International Day for the Elimination of Violence Against Women


Dear Colleagues,

As the second instalment in ABLE’s periodic reflections on dates from our Diversity and Inclusion Calendar, we offer colleagues’ thoughts on the International Day for the Elimination of Violence Against Women , a UN-sponsored observance on Friday, 25 November. We thank our colleagues for their reflections on what this day means to or for them and their work.

Andrew van der Vlies, Deputy Dean, People and Culture
Anne Hewitt, Associate Dean, Gender, Equity, Diversity, and Inclusion

Kate Rush 
Project Director, Transforming Culture, Office of the Chief Operating Officer

"Personal safety and wellbeing is fundamental to life. Our interdependencies necessitate individual welfare a collective responsibility. Ensuring equitable safe inclusion for everyone requires a focussed effort on creating change where society is failing, like the physical and psychological violence still experienced disproportionately by women and girls.

Today represents the importance of women’s safety internationally, but the success of change also starts locally. The University of Adelaide is committed to creating a safe and inclusive culture, making a stand against all forms of misconduct in the workplace, and valuing diversity in amplifying the talents of our people. Initiatives such as Transforming Culture are an invitation for all staff to demonstrate our Values and collectively create a healthy and thriving environment for all.

Dr Claire Walker 
Senior Lecturer, Department of Historical and Classical Studies

"This semester I taught the second year History course on heresy and witchcraft in medieval and early modern Europe. It explores the ways negative stereotypes and labels were used to marginalize minorities in society and how such beliefs and narratives about the “other” often resulted in violence. At times this violence was sanctioned by church and state and enacted by the authorities against heretics, Jews, beggars and other marginal groups. As religious, regional and local identities were defined against these “outsiders”, ordinary men and women might also take matters into their own hands to ensure communal purity and security.

Women were targeted as members of these minorities and murdered during crusades or burned for heresy, but the best-known incidence of violence against women occurred between 1450 and 1750. The witch hunts are conservatively estimated to have resulted in 90,000 prosecutions and 45,000 executions. While not all “witches” were female, women accounted for 75% of those accused in most parts of Europe. The stereotype “witch as woman” is often attributed to misogynistic passages in demonological texts, but initial accusations of witchcraft were brought against witches by their neighbours and grounded in factors beyond the scope of these texts. Women accused of witchcraft by their neighbours were elderly, poor and dependent upon communal charity or they cared for vulnerable people as healers and midwives. Often a woman had been suspected as a witch for decades before her neighbours denounced her, suggesting the complex economic, social and political variables underpinning the witch hunts.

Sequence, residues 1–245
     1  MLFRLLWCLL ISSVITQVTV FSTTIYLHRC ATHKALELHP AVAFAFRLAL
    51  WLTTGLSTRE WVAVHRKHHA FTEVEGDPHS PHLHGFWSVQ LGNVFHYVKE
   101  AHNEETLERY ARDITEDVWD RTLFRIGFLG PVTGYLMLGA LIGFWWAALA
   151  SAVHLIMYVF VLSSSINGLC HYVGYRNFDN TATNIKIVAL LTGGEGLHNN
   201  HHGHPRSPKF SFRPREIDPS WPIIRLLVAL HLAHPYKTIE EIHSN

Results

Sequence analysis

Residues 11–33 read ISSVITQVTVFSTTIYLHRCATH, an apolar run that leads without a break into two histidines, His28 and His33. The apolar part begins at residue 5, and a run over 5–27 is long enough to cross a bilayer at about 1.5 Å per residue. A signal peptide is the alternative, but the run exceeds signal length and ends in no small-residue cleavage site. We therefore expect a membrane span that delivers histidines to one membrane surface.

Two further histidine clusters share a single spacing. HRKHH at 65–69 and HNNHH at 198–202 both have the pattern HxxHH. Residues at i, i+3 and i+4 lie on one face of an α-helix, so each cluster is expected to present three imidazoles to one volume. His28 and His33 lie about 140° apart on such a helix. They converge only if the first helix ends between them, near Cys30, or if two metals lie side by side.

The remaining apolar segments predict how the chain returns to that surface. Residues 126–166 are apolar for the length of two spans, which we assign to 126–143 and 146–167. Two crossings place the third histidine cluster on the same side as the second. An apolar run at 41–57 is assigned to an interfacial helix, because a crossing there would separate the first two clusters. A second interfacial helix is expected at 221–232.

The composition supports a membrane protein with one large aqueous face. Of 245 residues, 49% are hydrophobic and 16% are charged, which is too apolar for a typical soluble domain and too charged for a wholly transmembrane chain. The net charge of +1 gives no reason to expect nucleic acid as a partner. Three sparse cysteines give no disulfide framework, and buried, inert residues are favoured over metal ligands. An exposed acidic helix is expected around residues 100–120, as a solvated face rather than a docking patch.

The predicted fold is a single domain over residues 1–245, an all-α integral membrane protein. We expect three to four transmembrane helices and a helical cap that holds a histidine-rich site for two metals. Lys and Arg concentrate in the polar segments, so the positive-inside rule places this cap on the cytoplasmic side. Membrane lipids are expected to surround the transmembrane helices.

When asked to think about what the International Day for the Elimination of Violence Against Women means to me, I thought immediately about the witch hunts. Women were accused of damaging property, killing animals and maiming or making family members ill. Often they were the most marginal members of the community. Community prejudices against them gained traction because few in power spoke out against the violence. Indeed the authorities on the whole acquiesced, prosecuting, torturing and executing suspected witches. Eventually jurists and religious leaders began to question the witch stereotype and judicial changes in evidence and the conduct of trials led to the end of official prosecutions. Yet decriminalisation did not end belief in witchcraft and lynching of suspected witches continued. However, it was less acceptable to perpetrate this form of violence against women and those who did were often prosecuted. So the witch hunts highlight the importance of galvanising public opinion and official action against violence against women. Although in the twenty-first century we don’t accuse neighbours of witchcraft, do we perpetuate attitudes which make it possible for violence and harassment to continue?"

Dr Alison Dundon 
Senior Lecturer, School of Social Sciences

"The 1979 Convention on the Elimination of all Forms of Discrimination Against Women (CEDAW) came into force in 1981. It was the first global framework for measuring feminist progress and takes a holistic approach to challenging forms and levels of discrimination. It acknowledges that gender inequality can be felt in both direct and indirect ways and seeks to protect and fulfil women’s rights.

For me, the ongoing global commitment to combat the many forms of discrimination that women experience in their lives indicates that, while genuine gender equality is still some way off, we are making strides in the right direction to eliminate discrimination."

Tagged in People and Culture